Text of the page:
Back Stage co-founder Zwerdling dies

Began theater trade paper in 1960

Allen Zwerdling, co-founder and co-publisher of Back Stage, died of natural causes on Jan. 12 in Rosendale, NY. He was 86.

In 1960, he created Back Stage, the performing arts trade paper, with Ira Eaker, with Zwerdling serving as editor, and Eaker as advertising director.

Zwerdlin started as an actor in the late 1930s, and launched Backstage after serving in the Army Air Force, directing, acting, teaching and newspaper editing. He served as editor of Show Business, a theatrical trade journal where he met Eaker who was the paper’s advertising director. After a dozen years, Zwerdling and Eaker left and eventually began Back Stage.

On Dec. 2, 1960, he and Eaker published the first issue of Back Stage, touting the promise to offer readers “a new, complete service weekly for the entertainment industry.”

After a shaky start, Back Stage found a stronger footing when the New York newspaper strike of 1962-63 spurred them to launch the successful publication Amusement Guide, an entertainment guide with theater, movie, TV and restaurant listings.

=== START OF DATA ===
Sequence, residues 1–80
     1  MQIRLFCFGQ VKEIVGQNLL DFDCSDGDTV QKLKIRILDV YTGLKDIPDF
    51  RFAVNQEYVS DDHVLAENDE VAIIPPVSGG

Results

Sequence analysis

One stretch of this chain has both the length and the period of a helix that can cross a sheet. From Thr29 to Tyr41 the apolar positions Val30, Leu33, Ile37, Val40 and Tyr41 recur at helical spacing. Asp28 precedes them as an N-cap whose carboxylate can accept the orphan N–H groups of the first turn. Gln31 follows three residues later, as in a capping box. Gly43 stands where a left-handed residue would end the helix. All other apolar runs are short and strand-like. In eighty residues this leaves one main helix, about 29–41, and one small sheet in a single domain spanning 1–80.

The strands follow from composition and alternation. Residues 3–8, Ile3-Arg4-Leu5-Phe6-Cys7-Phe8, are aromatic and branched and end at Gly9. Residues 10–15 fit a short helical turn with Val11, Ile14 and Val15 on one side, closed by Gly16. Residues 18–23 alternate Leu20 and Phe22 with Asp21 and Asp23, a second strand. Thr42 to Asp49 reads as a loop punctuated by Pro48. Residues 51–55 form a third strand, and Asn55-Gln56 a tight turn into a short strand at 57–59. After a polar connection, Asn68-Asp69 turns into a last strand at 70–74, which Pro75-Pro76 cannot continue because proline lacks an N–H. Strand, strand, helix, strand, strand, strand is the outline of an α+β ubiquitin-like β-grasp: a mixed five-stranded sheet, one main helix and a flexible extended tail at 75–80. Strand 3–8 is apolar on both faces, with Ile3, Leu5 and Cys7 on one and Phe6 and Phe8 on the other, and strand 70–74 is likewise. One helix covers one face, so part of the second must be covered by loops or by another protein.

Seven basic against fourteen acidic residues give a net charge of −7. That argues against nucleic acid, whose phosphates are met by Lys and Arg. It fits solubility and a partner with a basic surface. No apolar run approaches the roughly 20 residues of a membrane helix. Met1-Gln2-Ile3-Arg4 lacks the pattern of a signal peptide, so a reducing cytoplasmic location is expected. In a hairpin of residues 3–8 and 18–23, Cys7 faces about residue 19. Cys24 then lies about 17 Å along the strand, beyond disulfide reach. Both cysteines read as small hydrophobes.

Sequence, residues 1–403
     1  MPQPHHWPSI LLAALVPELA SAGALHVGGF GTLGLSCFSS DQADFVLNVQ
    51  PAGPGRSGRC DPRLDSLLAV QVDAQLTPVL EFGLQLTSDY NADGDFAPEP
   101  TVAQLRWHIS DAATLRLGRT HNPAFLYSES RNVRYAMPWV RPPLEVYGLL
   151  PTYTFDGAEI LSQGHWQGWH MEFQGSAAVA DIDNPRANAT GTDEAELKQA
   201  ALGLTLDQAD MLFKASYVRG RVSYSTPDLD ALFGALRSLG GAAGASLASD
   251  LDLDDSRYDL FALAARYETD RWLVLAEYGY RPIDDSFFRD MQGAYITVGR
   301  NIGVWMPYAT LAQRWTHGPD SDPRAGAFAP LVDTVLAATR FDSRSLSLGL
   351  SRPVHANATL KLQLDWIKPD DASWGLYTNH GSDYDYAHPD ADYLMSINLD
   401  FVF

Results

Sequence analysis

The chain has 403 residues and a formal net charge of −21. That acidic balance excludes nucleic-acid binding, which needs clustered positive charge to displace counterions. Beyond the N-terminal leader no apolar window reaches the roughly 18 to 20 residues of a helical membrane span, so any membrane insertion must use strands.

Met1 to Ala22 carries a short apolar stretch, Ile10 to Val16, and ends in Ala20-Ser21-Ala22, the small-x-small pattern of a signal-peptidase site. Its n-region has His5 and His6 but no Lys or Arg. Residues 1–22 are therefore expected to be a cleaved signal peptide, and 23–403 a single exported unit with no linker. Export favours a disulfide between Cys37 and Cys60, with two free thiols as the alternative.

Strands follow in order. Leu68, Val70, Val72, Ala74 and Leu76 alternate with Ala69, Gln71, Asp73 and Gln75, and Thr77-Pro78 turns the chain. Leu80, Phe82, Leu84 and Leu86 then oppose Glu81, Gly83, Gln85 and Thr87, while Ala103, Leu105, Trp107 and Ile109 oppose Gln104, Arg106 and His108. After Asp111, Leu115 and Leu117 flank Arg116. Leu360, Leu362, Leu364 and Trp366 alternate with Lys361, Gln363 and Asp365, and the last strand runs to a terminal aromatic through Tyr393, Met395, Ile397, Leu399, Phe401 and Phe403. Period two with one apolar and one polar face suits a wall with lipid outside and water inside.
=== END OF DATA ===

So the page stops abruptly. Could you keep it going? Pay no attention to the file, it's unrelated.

As New York’s television commercial production industry began to expand, the paper expanded its coverage that business.

Back Stage opened a West Coast office in 1975 and eventually expanded its coverage to Chicago, New England, and Florida as TV commercial production began to grow in these areas.

In the early ’80s, the paper split into a theater section and a commercial production section. The publishers celebrated their 25th anniversary with a black tie gala in 1985 and the next year sold the paper to Billboard Publications.

Zwerdling’s wife of 62 years, Shirley, died four weeks prior to his death.

He is survived by two daughters, a son, and a grandson.

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